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by Luca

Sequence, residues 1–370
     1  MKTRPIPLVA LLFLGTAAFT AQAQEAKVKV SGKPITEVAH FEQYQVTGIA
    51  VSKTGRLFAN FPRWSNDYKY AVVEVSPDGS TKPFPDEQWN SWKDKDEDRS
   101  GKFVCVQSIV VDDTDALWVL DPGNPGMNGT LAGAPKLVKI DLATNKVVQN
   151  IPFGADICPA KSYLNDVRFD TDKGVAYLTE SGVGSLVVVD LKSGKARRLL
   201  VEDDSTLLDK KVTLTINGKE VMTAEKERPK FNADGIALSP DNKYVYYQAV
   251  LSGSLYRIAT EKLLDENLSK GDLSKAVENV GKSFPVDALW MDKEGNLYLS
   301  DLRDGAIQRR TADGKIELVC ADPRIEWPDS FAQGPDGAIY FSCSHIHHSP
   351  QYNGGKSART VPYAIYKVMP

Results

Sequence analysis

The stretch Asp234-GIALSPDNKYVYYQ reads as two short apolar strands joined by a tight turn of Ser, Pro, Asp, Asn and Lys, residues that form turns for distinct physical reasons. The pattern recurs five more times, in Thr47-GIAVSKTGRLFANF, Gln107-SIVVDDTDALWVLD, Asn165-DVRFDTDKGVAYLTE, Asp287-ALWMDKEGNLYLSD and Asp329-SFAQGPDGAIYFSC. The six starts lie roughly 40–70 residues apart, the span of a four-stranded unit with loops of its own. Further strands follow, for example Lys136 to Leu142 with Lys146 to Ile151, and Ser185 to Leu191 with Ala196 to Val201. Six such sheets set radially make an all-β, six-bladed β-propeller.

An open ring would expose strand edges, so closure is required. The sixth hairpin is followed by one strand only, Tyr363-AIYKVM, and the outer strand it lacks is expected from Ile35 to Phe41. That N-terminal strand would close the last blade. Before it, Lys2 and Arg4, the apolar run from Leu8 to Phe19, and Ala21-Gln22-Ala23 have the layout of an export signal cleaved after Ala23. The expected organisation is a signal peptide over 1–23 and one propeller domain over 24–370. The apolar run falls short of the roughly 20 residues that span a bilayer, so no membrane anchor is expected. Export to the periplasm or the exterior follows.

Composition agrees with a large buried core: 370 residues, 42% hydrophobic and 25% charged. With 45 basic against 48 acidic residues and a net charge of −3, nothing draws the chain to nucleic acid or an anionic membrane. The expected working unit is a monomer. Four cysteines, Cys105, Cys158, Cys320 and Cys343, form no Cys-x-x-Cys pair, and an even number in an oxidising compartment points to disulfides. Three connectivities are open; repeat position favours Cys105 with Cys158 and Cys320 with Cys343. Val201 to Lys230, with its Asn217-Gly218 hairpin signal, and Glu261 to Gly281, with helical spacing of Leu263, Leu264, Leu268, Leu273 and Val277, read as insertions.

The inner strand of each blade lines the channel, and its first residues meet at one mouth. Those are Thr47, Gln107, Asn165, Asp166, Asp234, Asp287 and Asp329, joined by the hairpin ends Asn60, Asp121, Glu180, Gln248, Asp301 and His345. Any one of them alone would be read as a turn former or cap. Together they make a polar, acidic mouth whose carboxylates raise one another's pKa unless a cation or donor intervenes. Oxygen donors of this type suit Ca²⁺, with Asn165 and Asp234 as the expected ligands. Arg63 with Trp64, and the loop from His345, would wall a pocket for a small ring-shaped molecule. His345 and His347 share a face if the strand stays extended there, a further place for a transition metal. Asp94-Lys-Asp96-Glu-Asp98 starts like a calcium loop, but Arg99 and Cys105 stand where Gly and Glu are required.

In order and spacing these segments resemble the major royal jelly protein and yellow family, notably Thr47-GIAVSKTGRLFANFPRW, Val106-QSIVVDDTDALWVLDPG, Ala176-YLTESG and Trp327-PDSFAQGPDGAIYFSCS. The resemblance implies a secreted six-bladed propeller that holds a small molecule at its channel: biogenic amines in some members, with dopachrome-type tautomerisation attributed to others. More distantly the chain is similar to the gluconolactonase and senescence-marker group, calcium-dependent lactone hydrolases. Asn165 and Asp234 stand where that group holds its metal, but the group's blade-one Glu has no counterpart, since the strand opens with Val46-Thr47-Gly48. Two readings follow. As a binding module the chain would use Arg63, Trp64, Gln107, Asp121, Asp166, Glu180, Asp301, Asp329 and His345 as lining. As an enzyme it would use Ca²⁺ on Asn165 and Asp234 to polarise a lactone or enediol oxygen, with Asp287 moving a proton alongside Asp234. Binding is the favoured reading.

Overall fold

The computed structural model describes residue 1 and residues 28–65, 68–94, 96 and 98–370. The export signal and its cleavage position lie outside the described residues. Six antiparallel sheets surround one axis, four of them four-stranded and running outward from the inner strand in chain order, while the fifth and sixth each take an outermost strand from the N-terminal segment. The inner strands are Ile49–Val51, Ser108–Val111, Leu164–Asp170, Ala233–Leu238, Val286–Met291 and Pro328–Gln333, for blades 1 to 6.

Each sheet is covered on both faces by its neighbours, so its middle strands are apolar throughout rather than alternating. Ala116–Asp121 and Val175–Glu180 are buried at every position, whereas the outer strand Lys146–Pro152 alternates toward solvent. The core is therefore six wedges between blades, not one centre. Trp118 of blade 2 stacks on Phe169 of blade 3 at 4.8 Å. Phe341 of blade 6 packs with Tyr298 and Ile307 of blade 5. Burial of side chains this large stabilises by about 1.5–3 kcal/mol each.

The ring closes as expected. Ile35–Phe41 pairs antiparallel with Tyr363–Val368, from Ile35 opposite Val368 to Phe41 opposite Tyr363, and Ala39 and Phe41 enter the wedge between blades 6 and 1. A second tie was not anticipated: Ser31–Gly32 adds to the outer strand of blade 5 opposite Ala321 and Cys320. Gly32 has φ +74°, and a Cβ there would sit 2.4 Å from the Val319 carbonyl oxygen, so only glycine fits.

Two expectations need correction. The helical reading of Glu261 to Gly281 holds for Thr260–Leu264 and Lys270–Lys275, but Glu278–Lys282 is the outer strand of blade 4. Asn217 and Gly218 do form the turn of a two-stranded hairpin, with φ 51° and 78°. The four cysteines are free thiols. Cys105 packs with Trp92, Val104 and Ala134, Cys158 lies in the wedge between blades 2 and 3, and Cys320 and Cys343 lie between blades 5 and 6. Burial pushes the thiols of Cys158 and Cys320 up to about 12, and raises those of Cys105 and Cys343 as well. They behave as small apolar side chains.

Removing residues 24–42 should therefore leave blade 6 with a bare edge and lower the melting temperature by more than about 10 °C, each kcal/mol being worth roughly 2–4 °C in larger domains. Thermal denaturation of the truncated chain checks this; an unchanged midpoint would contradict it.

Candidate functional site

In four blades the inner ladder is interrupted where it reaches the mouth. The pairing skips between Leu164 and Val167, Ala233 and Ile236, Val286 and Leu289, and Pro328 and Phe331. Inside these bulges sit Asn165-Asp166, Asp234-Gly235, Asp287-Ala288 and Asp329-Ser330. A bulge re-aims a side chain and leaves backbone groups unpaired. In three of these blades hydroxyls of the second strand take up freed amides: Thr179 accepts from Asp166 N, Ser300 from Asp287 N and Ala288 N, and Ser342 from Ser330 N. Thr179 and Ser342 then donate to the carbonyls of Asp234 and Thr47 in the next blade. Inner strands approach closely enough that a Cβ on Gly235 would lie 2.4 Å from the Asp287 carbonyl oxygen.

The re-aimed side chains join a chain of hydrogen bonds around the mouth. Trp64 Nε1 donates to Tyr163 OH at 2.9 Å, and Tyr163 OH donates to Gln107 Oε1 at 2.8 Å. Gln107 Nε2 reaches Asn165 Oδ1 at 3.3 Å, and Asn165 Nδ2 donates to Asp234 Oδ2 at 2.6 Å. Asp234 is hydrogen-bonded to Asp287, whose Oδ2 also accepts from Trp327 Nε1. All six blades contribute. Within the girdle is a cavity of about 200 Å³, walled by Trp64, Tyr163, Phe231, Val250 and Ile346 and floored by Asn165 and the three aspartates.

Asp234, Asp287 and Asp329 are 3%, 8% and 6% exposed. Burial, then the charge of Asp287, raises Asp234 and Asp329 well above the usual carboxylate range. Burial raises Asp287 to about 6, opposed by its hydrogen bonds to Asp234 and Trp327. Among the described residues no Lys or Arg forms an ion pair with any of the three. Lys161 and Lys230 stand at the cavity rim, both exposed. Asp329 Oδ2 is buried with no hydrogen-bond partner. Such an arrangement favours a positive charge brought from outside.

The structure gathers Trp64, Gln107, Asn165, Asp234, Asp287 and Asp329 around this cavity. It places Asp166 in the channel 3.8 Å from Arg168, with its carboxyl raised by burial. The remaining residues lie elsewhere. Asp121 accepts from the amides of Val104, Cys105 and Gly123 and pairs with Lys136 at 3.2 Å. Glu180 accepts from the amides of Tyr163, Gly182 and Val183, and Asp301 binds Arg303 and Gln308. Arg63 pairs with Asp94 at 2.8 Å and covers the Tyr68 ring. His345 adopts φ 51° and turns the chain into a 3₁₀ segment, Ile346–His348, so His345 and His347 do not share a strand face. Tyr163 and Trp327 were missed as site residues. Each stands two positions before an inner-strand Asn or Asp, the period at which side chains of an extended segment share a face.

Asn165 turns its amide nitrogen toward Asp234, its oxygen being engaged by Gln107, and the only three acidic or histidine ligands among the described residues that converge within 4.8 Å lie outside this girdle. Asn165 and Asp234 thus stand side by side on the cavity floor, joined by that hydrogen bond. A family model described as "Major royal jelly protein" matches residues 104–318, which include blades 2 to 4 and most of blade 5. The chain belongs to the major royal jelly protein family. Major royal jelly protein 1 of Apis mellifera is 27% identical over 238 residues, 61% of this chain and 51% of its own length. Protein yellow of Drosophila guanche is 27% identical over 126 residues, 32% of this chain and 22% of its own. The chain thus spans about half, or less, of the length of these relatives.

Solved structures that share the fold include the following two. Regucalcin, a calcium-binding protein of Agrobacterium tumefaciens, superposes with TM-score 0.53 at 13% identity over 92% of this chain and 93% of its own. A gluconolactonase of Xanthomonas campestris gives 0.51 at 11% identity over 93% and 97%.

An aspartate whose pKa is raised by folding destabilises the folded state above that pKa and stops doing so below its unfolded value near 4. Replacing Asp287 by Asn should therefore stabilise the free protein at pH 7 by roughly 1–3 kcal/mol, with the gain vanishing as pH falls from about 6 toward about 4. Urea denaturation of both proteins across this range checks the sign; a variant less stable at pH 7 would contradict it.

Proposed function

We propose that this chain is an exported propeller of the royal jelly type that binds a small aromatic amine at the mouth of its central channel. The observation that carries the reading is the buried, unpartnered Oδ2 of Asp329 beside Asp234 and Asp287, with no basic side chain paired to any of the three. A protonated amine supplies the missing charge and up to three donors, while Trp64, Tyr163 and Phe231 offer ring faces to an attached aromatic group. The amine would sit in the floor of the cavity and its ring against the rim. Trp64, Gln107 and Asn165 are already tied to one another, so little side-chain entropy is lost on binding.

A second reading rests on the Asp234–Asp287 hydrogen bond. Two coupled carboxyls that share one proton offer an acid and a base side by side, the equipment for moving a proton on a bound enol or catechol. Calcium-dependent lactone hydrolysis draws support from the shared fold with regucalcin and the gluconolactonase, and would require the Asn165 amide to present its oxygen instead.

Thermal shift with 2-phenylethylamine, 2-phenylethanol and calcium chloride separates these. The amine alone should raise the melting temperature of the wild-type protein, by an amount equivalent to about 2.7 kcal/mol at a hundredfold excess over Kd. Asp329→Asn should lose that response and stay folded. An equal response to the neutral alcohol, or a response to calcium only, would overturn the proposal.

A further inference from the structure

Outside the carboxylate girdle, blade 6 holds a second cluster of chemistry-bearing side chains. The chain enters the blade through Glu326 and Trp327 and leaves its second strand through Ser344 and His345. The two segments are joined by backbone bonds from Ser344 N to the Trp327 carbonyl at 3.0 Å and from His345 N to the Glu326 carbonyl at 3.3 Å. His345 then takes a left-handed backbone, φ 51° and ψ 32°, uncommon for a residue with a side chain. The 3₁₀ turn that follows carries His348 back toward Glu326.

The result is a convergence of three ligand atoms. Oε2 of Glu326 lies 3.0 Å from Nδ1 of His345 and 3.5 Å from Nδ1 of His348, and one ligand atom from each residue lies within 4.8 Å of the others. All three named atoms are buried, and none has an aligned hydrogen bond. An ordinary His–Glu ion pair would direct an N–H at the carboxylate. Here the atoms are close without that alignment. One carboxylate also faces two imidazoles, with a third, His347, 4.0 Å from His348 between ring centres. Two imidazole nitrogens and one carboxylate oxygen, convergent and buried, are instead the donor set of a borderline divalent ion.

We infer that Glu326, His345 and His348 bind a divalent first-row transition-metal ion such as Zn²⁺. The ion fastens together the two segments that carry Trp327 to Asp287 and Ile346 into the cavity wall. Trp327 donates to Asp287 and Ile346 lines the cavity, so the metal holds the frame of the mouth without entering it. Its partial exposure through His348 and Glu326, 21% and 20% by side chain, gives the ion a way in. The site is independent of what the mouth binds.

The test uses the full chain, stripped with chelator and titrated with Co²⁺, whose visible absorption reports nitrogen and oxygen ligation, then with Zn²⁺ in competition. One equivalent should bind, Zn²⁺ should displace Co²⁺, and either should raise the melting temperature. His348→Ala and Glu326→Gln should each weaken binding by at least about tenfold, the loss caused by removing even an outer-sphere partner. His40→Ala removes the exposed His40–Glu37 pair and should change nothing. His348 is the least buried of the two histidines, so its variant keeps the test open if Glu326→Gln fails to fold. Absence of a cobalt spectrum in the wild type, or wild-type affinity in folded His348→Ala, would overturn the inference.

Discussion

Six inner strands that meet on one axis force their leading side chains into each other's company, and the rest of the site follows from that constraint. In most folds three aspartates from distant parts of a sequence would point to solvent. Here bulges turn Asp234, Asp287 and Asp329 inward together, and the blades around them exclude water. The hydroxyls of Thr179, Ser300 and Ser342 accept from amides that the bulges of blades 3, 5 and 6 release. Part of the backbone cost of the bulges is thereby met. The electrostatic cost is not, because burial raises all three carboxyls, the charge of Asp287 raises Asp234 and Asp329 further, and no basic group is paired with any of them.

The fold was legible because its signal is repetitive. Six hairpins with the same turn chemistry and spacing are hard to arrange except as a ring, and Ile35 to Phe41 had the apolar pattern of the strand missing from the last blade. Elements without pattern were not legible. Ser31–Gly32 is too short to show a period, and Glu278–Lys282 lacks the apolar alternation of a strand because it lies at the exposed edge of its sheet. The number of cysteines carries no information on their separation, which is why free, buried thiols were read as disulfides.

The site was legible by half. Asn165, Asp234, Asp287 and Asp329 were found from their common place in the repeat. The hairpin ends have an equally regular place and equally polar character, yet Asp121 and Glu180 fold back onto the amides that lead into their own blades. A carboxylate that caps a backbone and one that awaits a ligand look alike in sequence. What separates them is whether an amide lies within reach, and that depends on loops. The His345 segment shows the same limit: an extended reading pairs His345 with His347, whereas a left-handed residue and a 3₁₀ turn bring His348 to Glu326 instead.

17th century France played a crucial role in the development of the European fairy tale. During the last half of that century, the oral traditions of the folk began to bubble up into the literary salons of the haute bourgeoisie and the aristocracy orbiting around Louis the XIV’s court. While writers like Marie Catherine d’Aulnoy, Catherine Bernard, Marie-Jeanne Lhéritier, and Charles Perrault (among others) used folk and fairy tales to challenge aesthetic norms and comment on contemporary politics, particularly gender politics, they also found in these ancient tales insight into the universal fears and desires that unite us as humans. As we’ll see, details in any particular version of a fairy tale may change over time and space, but there are certain tales—like “Little Red Riding Hood,” for instance—that, so old and ubiquitous, have spoken and continue to